When the discussion turns to the subject of slide guitarists, there's Sonny Landreth — and then there's everyone else. Landreth is a son of the South, born in Mississippi and raised in Lafayette, La., where he soaked up a wealth of cultural and musical influences before exploring his creative side. Forsaking the trumpet for guitar as a teenager, Landreth went through a procession of garage/basement bands while he developed the atmospheric style he still employs today, a distinctive blend of playing slide while simultaneously fingering the fretboard. In his 20s, he landed his first professional gig as guitarist for Zydeco legend Clifton Chenier's Red Beans and Rice Revue which ultimately led to a pair of raw, soulful solo albums in the early '80s and increased attention from Nashville. In 1987, John Hiatt tapped Landreth for the guitar slot in his touring band, The Goners, and the subsequent circuit behind Hiatt's well-received Bring the Family album followed by the recording of the equally acclaimed Slow Turning in 1988 raised Landreth's profile exponentially. He became a hot property as a session musician, worked with legendary British Blues icon John Mayall and signed with Zoo Entertainment for two of his best solo albums, 1992's Outward Bound and 1995's South of I-10. In the past decade, Landreth's reputation has deepened through his diverse associations — from his mesmerizing work on Gov't Mule's live disc to touring with Jimmy Buffett to his Goners reunion with John Hiatt — and his perpetually stunning playing method. After his spotlight performance at 2003's Crossroads Festival, Eric Clapton called Landreth "the most underestimated musician on the planet and also probably one of the most advanced." Now signed to Sugar Hill, Landreth was Grammy nominated for Best Contemporary Blues Album for 2003's The Road We're On, and last year saw the release of the first live album of his 25-plus year career, the incendiary Grant Street. It's a mere taste of the live Sonny Landreth experience; bring a cushion for when your jaw hits the floor and prepare to be amazed. (Brian Baker)

Margot & the Nuclear So and So's with greatmodern, The Great Depression and The Turnbull AC's

Saturday · Alchemize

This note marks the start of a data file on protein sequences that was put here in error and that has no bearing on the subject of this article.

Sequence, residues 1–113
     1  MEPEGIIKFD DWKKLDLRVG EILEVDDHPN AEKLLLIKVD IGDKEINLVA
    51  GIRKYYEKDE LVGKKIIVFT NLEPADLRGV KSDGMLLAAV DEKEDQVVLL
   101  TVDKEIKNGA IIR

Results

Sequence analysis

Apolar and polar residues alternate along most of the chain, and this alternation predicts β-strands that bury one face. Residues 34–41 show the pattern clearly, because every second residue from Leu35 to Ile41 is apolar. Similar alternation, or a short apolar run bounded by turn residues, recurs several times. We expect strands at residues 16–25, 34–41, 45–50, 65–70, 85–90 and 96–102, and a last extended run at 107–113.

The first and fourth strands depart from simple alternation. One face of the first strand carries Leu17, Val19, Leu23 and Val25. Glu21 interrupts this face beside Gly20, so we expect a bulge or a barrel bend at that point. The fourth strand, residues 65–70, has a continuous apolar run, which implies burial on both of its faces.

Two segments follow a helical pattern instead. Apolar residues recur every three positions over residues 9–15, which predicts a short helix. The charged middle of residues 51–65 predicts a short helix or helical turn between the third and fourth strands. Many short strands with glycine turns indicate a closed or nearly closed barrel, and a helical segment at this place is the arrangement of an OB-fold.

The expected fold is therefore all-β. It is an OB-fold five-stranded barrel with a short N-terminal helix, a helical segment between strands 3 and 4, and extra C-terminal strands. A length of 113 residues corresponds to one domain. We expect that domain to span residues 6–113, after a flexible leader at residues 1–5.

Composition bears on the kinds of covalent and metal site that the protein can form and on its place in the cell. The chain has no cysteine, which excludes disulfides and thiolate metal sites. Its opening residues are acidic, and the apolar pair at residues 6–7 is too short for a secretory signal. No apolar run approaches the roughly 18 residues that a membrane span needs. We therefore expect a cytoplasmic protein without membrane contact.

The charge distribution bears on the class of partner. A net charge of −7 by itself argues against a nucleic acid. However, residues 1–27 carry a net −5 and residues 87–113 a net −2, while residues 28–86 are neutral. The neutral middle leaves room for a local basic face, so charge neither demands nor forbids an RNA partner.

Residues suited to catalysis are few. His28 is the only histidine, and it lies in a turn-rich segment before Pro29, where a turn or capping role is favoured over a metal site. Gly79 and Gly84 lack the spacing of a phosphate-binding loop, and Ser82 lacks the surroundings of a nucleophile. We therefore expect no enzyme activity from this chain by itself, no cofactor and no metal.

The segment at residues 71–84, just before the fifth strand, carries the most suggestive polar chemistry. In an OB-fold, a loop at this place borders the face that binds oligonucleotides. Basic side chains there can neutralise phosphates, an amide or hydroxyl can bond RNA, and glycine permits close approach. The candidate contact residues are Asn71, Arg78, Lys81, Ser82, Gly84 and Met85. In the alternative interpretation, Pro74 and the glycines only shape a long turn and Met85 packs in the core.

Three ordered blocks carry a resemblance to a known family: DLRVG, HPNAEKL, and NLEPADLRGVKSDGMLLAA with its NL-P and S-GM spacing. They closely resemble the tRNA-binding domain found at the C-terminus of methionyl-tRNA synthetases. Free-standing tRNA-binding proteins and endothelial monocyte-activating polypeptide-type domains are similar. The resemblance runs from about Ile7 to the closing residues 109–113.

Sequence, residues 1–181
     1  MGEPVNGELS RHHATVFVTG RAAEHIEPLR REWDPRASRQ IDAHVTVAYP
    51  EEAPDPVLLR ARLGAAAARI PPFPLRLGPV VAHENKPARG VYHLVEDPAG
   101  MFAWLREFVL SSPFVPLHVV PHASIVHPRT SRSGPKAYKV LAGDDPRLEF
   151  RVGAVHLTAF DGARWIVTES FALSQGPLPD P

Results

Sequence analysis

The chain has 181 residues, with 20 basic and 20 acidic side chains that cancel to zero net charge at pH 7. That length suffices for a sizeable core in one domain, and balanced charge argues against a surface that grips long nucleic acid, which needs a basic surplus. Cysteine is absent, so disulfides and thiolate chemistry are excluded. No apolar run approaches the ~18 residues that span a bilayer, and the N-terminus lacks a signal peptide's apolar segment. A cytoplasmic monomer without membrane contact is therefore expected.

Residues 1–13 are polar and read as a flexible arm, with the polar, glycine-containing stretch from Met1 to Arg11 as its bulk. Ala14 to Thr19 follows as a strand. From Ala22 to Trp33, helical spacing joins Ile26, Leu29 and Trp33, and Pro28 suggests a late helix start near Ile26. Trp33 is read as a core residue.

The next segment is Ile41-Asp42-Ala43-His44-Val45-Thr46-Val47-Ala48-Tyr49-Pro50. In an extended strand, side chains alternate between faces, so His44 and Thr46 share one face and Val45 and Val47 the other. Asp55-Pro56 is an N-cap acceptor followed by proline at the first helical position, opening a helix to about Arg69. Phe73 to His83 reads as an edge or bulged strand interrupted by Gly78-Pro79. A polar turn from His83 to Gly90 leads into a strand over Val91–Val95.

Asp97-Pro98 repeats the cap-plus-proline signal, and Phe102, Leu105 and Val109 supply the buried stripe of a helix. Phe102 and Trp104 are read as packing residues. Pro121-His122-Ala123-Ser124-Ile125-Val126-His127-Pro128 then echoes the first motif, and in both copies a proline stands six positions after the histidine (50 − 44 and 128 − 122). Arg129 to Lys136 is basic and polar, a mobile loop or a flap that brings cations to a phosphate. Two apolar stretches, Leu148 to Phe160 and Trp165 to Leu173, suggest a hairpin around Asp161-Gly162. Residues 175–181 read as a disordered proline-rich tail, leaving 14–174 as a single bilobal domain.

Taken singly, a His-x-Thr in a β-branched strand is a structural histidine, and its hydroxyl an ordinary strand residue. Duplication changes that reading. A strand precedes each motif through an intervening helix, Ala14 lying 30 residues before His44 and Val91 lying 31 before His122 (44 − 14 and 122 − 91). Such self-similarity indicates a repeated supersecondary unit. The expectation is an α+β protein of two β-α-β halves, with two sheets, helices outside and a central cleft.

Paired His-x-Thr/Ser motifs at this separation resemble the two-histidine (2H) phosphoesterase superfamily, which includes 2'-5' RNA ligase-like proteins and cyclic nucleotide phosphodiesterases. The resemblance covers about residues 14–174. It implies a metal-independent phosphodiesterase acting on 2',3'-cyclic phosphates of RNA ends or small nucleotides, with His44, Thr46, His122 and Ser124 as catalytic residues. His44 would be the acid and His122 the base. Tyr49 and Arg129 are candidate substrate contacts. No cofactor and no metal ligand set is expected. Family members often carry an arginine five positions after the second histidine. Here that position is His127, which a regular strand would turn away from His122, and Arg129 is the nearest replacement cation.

Margot & the Nuclear So and So's could very well be a figment of Richard Edwards' fertile imagination. The same impassioned psyche that creates the glowing character sketches embedded in M&NSS's songs could easily dream up an entire ensemble to back him. Listening to the seamless octet intimately accompany the singer/songwriter's emotionally charged Electro-Folk, you'd think each of their parts were hatched in his subconscious. In reality, they are just an incredibly talented troupe of composers who have let their fanciful auxiliary instruments influence their arrangements. The Indianapolis-based band's genesis was the meeting of Edwards and Andy Fry (guitarist and singer for The Academy). The two clicked musically and began recruiting, starting with drummer Chris Fry, Andy's brother and Academy bandmate. Jesse Lee joined on cello, and Tyler and Emily Watkins on bass and Fender Rhodes. The cello and Rhodes go a long way toward defining the group's sound, as do Emily's melancholy harmonies. Rounded out by percussionist Casey Tennis and Hubert Glover on trumpet, their expansive sound immediately caught the attention of critics and fans regionally. They've also tasted some broader recognition on XM Radio and through touring in support of their breathtaking disc, The Dust of Retreat, released earlier this year on Standard Recordings. Capturing elements of their collective brilliance as well as some dramatic stripped-down tracks, the album gives you 12 gorgeous reasons to love them. Their potent live show is one more. A note from the "irony not lost" department: Almost every time I've been to alchemize, they have one Wes Anderson film or another projected onto the wall behind the bar. In addition to borrowing the name Margot from a Royal Tenenbaums character, the band has also described their sound using parallels to Anderson's filmmaking. Coincidence? OK, probably, but amusing nonetheless. (Ezra Waller)